Monthly Archives: January 2015

ARC announces “Raindrop” Policy

The Aromatherapy Registration Council hereby formally clarifies its prohibition on the use or the teaching of “Raindrop Therapy”.


Read the complete official Statement of Policy

To read the complete White Paper on Raindrop Therapy go to

Thank you to AEOTA Member, Kristin Barber, co-author of the White Paper, for her valuable contribution to our knowledge about the safe use of essential oils and practices.


Sensitization – “exposure to allergen that results in the development of hypersensitivity.” [1]

essential oil female back spa

So what is hypersensitivity? Is a hypersensitivity reaction the same as an allergic reaction?

Answer, yes. They are synonyms, BUT there are four different types of allergic reaction:
“a local or general reaction of an organism following contact with a specific allergen to which it has been previously exposed and sensitized; immunologic mechanisms gives rise to inflammation or tissue damage. Allergic reactions are classified into four major types: type I, anaphylactic and IgE dependent; type II, cytotoxic; type III, immune-complex mediated;type IV, cell mediated (delayed).”[2]

For the purposes of aromatherapy safety, any essential oil can become an allergen by using it undiluted on the skin; and this risk is there for all essential oils, including lavender. So while there are certain essential oils which have a known reputation for being potential allergens or with a reputation for sensitization, using any essential oil neat (undiluted) sets the individul up for a potential allergic reaction, leading to sensitization, and forever being allergic to that essential oil.


Robert Tisserand explains:


“Yes, sensitization is the process that takes place in the body that leads to an allergic reaction. They are not the same thing, but they are not totally different either. There are 4 types of allergic reaction, [3] but only two are relevant to essential oils. Type 4 (delayed hypersensitivity) accounts for 90% of allergic reactions. Type 1 is immediate hypersensitivity (generally not anaphylactic) and accounts for the other 10%. You could say the risk is potentially there for all essential oils, but this is a little unfair on the majority of oils, that have never been known to cause such reactions. I don’t like to assume risk that may not exist. The less you dilute the more you increase risk, but that doesn’t mean that undiluted copaiba oil is a greater risk than 1% cinnamon bark oil. It isn’t.”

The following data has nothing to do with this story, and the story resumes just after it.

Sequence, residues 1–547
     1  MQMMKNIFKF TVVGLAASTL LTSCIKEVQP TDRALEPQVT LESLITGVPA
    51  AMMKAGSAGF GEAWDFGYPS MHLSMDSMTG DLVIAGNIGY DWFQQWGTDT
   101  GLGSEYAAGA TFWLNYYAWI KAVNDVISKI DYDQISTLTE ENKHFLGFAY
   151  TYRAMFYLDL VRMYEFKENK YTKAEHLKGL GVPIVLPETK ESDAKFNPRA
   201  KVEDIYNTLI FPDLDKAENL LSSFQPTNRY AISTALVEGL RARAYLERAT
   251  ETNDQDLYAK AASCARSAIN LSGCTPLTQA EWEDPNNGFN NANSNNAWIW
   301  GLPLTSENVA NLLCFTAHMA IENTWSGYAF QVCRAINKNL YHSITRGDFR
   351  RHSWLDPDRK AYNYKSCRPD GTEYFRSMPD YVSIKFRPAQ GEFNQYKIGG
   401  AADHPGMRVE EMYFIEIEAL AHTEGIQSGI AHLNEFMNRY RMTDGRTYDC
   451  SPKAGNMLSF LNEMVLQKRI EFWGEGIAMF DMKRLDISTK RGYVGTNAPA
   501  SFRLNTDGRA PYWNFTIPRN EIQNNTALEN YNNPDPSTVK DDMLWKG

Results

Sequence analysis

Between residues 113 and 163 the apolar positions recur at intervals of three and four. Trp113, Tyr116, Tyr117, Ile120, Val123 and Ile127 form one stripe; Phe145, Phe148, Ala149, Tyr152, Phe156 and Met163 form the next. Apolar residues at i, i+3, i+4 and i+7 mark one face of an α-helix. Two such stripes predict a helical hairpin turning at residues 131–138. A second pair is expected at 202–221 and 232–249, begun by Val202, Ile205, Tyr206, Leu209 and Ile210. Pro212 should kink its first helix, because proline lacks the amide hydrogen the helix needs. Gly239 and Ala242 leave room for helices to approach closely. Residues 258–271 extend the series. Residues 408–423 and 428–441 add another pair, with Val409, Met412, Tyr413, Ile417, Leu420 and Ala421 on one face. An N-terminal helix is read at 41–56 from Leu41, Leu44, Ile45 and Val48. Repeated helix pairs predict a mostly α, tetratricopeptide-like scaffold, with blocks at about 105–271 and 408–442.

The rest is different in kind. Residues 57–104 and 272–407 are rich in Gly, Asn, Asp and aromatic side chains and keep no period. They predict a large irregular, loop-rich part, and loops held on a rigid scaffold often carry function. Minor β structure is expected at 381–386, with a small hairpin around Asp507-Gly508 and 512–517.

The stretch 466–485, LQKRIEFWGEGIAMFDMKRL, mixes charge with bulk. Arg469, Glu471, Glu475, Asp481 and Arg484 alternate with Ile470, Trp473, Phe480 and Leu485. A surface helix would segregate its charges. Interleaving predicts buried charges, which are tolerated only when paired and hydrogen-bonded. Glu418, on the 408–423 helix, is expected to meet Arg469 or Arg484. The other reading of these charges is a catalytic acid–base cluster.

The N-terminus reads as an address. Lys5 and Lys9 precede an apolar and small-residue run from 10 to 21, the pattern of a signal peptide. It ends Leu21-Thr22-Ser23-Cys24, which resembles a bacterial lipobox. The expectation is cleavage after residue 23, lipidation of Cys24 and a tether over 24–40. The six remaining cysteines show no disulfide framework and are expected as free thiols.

To learn more, see the video which is a sample from Webinar 4 “Irritation and Allergy” from Essential Oils and the Skin 10-Day Series by the Tisserand Institute:

1. Miller-Keane Encyclopedia and Dictionary of Medicine, Nursing, and Allied Health, Seventh Edition. © 2003 by Saunders, an imprint of Elsevier, Inc. All rights reserved
2. Farlex Partner Medical Dictionary © Farlex 2012


If you have spent any time online, learning about or shopping for essential oils, you may have run across testimonials or advice regarding concerns pertaining to side effects. Too often, instead of good, professional information, you may read that these adverse reactions or side effects are the result of “detox“. They aren’t. They CAN’T BE…because that is not the way the human body works. One of the best explainations I found was not actually on an aromatherapy site or holistic health site, but one about smoothies!

“The idea that there are accumulated toxins in your body waiting to be released (usually with the aid of an expensive detox product) is misleading because your body is always in a state of detox. Whether you eat the purest of pure diets, or your live on pizza, beer and ice cream, your body never stops detoxification. As long as you have a functioning liver, kidney and colon, your body is removing toxins.” 

Side effects such as nausea, headaches, itchiness, skin irritations, excess mucous, diarrhea, and more are NOT DETOX REACTIONS.

Any reaction to an essential oil that was not intended could be viewed as an adverse effect. These effects can range from minor and discomforting to much more serious and permanent. 

To learn more, visit the Aromatherapy United page; What is an ADVERSE EFFECT from an Essential Oil?

We invite comments, and will allow them as long as they remain respectful and do not contain marketing or promotional material for any specific brands of essential oils. We invite readers to continue this discussion in our American Essential Oil Trade Association Facebook Group.


Shelf Life of Essential Oils

You may have read this on certain essential oil salespeoples websites “Our Essential Oils Never Expire“!

Well, essential oils do have shelf lives…of course they do, they are botanical products made from plants! 


“Most oils do degrade with age due to oxidation but there are some oils, such as sandalwood, vetiver, patchouli, etc. that actually get better with age, at least to a certain point (I am not sure anyone knows what sandalwood looks like after say 5000 years and I am pretty sure well before then the oil would “resinify” and become solid). Its typically the heavier oils that are high in sesquiterpene alcohols that get better with age.   However, most oils, especially the citrus oils and the blue oils will degrade with age (at least within human lifetimes).  Citrus oils are especially prone to degradation due to the high levels of limonene which oxidizes relatively easily. Even very small amounts of limonene oxide formation can totally destroy the odor of a once good citrus oil.  In addition, wax formation in citrus due to monoterpene polymerization is also quite common over time.  For this reason its best to go through citrus oils within a year, if possible.” – Dr. Robert Pappas, Essential Oil University